Abandoned rental cars and TSA lines out the door. What happened at Austin's airport?
When Carmen Ortiz arrived at Austin-Bergstrom International Airport (ABIA) Monday morning two hours before departure as recommended, the line to get through security stretched down the Barbara Jordan terminal, outside the building and back down the entire length of the terminal.
"I've never had to wait in a security line outside the airport," Ortiz said. "Everyone was showing up at the airport shocked."
Before the sun had even risen, the wait for TSA screening had stretched to more than 90 minutes, over three times what the Transportation Security Administration considers "normal."
Even though the TSA says all its screening lanes were open, including three new lanes added late last year, screeners got slammed with more than 8,252 passengers before 8 a.m., about 1,600 more than normal.
The TSA says it recently brought in extra staff from other airports to help at ABIA, but the agency is still struggling to hire enough employees in Austin, even with hiring bonuses of up to $2,000.
Monday morning — already one of the busiest times at the airport — was made even more hectic by a rush of people traveling home from three major sporting events over the weekend: the Texas Relays track and field competition at UT Austin, the NASCAR race at Circuit of the Americas and the World Golf Championships-Dell Technologies Match Play at Austin Country Club.
The line was so long that Southwest Airlines had already begun rebooking flights for some passengers who still had an hour before their flights boarded. Ortiz changed her departure to later in the morning.
"A lot of people from out of town were asking, 'Is this normal? Is this what the airport is like every time?'" she said on the phone while waiting for her rebooked flight.
It's not normal, but these types of early-morning jumbles are becoming increasingly common at ABIA. Airlines are adding flights to and from Austin faster than any other midsized airport in the United States, officials have said. That includes Monday afternoon's inaugural flight by KLM Royal Dutch Airlines from Austin to Amsterdam.
A $4 billion airport expansion launched last year to respond to the breakneck growth will take years to roll out.
The clearest indication that these types of bottlenecks will continue comes from airport officials themselves. They expect a record-breaking 20 million passengers this year in a facility built for 15 million.
Those unprecedented crowds are already stress-testing the airport's existing infrastructure in new ways. People trying to drop off their rental cars Monday morning arrived to a distressing surprise: Lanes leading to the airport's car rental facility were blocked by lines of abandoned rental vehicles.
"It was like an apocalypse," said Jeff Gluck, a sports reporter visiting from Denver for the NASCAR race. "All the cars were on the road sitting empty."
As Gluck lingered with his rental car wondering what to do, more people trying to return their vehicles arrived, boxing him in.
According to airport staff, it all started when one rental car stalled on the drop-off curb, stopping the return of vehicles. Staff told customers they could go catch their flights if they just left the keys in the car. That caused a chain reaction as more people facing the possibility of a missed flight saw others leaving their rental vehicles.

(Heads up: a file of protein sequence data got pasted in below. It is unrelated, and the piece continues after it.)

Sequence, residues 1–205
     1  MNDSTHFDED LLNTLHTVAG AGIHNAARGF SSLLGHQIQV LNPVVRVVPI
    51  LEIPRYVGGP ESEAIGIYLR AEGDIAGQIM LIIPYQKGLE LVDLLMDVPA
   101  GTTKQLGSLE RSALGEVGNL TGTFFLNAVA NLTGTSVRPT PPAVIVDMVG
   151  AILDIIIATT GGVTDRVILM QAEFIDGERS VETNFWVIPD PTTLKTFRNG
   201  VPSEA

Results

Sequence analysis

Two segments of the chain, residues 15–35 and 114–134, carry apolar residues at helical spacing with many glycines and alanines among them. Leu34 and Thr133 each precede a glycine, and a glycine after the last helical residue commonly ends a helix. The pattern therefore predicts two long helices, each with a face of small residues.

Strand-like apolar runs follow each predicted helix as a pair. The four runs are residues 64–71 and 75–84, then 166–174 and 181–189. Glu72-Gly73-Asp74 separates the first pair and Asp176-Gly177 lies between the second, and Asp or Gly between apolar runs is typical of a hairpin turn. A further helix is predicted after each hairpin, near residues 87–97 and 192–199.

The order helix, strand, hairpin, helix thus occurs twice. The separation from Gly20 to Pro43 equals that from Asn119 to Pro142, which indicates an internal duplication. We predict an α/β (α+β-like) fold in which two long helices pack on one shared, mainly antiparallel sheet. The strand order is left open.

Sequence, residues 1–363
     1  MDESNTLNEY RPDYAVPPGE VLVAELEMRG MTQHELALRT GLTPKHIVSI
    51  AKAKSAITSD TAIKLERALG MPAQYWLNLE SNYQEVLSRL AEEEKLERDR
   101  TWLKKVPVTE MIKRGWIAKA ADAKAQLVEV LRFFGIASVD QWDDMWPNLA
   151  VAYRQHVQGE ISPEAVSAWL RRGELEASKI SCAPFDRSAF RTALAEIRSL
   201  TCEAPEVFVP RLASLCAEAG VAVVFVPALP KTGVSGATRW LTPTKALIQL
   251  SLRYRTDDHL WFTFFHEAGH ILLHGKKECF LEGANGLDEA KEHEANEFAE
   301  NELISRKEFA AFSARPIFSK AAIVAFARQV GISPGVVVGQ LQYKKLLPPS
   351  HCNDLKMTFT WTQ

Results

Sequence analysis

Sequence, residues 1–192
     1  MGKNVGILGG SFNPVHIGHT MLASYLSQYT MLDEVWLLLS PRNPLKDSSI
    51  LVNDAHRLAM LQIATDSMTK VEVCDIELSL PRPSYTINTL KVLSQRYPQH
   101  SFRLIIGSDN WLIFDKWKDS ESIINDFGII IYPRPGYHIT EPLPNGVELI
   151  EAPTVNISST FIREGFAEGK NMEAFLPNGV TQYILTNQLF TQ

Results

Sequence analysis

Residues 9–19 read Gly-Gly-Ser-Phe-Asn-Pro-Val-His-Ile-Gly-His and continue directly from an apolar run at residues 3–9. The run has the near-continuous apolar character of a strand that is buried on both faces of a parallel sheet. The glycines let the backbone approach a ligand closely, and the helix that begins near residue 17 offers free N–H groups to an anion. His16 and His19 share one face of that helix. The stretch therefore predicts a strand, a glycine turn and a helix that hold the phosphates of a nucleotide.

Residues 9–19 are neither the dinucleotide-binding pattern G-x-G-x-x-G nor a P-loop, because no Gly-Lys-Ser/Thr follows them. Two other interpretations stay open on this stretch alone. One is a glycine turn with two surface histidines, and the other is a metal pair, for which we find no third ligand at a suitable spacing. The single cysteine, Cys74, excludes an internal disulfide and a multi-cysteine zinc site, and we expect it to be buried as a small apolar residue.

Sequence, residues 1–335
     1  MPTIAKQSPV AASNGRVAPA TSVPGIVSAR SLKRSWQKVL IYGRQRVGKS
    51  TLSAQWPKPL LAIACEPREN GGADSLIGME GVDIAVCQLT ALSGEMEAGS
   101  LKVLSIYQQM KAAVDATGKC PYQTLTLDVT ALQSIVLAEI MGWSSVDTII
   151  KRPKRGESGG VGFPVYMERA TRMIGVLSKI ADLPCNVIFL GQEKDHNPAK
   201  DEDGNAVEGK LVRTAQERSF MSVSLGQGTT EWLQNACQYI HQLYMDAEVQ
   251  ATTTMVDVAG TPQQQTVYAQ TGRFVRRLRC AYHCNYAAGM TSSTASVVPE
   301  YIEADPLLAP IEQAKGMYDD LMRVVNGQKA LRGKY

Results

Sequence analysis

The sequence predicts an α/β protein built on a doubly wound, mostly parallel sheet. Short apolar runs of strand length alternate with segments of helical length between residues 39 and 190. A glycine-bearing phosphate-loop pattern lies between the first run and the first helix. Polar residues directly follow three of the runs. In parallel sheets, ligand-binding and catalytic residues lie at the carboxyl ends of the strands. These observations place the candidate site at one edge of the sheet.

"People were honking their horns," Gluck said. "Nobody could move their cars, so I just left my car with everybody else and was just like, 'I just hope they check it in eventually.'"
Gluck said he barely made his flight back home to Denver. When he touched down, he got an email saying his vehicle had been returned.
Passengers aren't the only ones feeling squeezed. Sometimes, airlines are forced to cope with the undersized airport infrastructure.
With 282 flights scheduled Monday, ABIA warned airlines about a possible fuel shortage at the airport. So planes are being advised to "tanker in" jet fuel, meaning they should fly with more fuel loaded than they typically would.
The airport can store between 1-3 days of fuel, depending on how busy it gets. Officials have said an airport of a similar size would have a 5-7 day supply of fuel.
Part of the airport's planned multibillion-dollar expansion includes building a new storage facility that could hold up to 6 million gallons of jet fuel. But the plan has faced opposition from nearby residents worried about sleeping fewer than 500 feet from the tank farm.
Austin City Council member Vanessa Fuentes, whose district includes the airport, is asking her fellow council members to force airport staff to choose a new location for the tank farm. Airport officials have said the site near McCall Lane is the only one that fits with their long-term expansion plans.
With the airport increasingly strained under the weight of Austin's rapid economic growth, some travelers are still finding ways to navigate the crowds.
Kelly Nagel, a PhD student at Penn State University who's originally from Waco, was among those left with little choice but to abandon their rental cars Monday morning.
But Nagel says she was able to skip past the "shocking" security line out the door by using TSA PreCheck, which offers a separate security line for passengers who undergo fingerprinting and a background check. TSA PreCheck usually costs $85 for five years. She got through in five minutes.
"We walked through and were like, 'That's the best $85 we've ever spent,'" Nagel said. "We ended up getting really fortunate, but it was still bewildering."
Copyright 2022 KUT 90.5. To see more, visit KUT 90.5.